A third index, the Marshall–Edgeworth index (named for economists Alfred Marshall and Francis Ysidro Edgeworth), tries to overcome these problems of under- and overstatement by using the arithmetic means of the quantities: Marshall price index = ∑pnqo+∑pnqn ∑poqo+∑poqn * 100 Fisher’s index number:
A fourth, the Fisher index (after the American economist Irving Fisher), is calculated as the geometric mean of PP and PL: * 100
Fisher's index is also known as the “ideal” price index. As a measure of the inflation factor (one plus the inflation rate), a Fisher Price Index is the square root of the product of Laspeyres and Paasche Price Indexes. As a measure of the growth factor (one plus the rate of growth), a Fisher Quantity Index is the square root of the product of Laspeyres and Paasche Quantity Indexes.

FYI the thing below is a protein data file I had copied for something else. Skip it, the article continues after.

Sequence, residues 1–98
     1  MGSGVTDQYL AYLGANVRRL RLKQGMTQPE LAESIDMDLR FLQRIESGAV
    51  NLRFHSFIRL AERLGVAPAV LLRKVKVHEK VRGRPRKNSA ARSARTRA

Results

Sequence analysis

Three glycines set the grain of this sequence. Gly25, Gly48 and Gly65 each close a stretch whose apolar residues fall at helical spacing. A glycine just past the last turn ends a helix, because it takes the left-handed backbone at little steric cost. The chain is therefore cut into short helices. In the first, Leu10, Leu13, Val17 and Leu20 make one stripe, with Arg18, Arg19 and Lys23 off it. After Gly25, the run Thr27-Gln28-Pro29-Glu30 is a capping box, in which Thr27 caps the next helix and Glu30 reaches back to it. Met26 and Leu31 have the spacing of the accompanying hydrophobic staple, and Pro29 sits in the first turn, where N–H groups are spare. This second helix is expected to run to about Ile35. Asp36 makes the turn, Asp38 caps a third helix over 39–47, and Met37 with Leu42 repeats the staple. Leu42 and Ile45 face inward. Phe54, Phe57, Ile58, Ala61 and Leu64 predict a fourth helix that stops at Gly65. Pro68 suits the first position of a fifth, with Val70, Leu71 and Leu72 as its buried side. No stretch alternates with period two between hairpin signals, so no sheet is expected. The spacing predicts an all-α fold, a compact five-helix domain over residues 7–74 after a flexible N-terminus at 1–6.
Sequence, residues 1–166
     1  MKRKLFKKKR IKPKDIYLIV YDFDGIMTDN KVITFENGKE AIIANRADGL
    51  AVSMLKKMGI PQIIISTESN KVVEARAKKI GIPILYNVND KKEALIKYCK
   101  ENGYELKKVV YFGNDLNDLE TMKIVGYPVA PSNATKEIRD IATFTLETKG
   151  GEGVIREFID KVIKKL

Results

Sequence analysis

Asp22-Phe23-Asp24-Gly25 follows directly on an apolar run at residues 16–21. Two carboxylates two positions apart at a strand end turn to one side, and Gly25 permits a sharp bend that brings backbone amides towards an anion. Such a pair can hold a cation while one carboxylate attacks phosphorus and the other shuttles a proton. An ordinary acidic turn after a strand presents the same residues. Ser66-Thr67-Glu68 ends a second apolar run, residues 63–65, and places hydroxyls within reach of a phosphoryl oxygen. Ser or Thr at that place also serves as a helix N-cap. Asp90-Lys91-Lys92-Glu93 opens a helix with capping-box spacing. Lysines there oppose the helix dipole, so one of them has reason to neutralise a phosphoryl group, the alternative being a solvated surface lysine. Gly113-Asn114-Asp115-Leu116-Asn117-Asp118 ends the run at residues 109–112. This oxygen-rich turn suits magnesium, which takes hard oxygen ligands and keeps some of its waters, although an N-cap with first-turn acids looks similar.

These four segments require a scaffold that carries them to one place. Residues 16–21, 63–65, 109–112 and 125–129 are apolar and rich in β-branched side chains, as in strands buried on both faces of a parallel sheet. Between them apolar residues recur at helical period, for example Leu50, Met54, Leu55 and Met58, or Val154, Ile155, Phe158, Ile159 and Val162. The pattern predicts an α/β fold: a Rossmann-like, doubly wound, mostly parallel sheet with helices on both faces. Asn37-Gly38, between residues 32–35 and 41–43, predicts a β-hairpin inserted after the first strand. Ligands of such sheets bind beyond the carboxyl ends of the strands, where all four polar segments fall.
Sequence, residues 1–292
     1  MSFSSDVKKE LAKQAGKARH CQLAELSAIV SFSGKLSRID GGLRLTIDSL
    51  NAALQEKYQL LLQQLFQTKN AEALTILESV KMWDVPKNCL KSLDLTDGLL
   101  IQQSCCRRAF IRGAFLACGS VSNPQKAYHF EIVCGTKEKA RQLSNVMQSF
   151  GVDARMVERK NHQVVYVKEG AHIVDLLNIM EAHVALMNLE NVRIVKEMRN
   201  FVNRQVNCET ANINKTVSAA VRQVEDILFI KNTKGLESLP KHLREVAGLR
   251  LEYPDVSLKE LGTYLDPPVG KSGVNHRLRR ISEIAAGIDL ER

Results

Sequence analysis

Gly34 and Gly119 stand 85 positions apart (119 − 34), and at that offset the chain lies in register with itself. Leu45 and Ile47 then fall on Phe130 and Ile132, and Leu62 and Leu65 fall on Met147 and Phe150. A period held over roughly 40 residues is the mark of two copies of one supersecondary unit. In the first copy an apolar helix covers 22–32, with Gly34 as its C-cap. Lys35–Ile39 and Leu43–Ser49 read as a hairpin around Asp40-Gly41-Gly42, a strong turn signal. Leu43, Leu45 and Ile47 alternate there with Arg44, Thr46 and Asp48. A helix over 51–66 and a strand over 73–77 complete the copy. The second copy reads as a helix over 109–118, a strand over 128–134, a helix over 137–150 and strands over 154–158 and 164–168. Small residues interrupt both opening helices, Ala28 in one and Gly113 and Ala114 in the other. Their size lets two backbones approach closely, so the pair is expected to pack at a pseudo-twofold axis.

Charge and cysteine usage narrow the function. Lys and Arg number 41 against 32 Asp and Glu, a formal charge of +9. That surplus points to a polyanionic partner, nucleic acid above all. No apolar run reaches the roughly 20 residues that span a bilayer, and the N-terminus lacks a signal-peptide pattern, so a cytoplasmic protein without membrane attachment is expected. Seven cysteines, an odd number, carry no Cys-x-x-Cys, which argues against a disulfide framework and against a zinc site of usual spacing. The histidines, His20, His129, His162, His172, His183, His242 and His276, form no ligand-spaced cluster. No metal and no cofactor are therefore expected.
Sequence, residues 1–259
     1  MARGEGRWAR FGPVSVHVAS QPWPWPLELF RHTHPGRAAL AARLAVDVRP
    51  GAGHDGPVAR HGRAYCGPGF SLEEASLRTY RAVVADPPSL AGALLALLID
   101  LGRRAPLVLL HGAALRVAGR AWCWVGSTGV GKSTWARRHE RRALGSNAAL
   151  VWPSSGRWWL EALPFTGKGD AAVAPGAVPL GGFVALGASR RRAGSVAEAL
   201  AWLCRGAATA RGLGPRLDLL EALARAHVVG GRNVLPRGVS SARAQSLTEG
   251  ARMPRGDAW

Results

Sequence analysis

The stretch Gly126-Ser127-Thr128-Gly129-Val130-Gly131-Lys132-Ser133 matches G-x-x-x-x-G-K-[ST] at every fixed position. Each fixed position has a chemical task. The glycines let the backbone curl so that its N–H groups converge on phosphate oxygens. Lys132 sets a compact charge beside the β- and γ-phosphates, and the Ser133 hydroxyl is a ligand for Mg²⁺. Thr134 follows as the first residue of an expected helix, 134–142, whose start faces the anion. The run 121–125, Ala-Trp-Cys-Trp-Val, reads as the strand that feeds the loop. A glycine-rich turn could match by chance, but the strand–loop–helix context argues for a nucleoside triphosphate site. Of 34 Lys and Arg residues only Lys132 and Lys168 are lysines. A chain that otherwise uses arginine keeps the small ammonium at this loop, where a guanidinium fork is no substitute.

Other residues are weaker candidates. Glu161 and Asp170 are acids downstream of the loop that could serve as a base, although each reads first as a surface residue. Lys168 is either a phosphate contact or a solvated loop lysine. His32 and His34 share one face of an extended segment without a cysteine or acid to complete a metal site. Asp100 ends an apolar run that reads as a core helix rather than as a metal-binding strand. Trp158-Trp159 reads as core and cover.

However, there is no guarantee with either the Marshall–Edgeworth index or the Fisher index that the overstatement and understatement will exactly cancel the other. While these indices were introduced to provide overall measurement of relative prices, there is ultimately no way of measuring the imperfections of any of these indices (Paasche, Laspeyres, Fisher, or Marshall–Edgeworth) against reality. Example:
| ∑ Poqo=623.70
Marshall price index = ∑pnqo+∑pnqn ∑poqo+∑poqn * 100 =524.75+600.15/623.70+704.2
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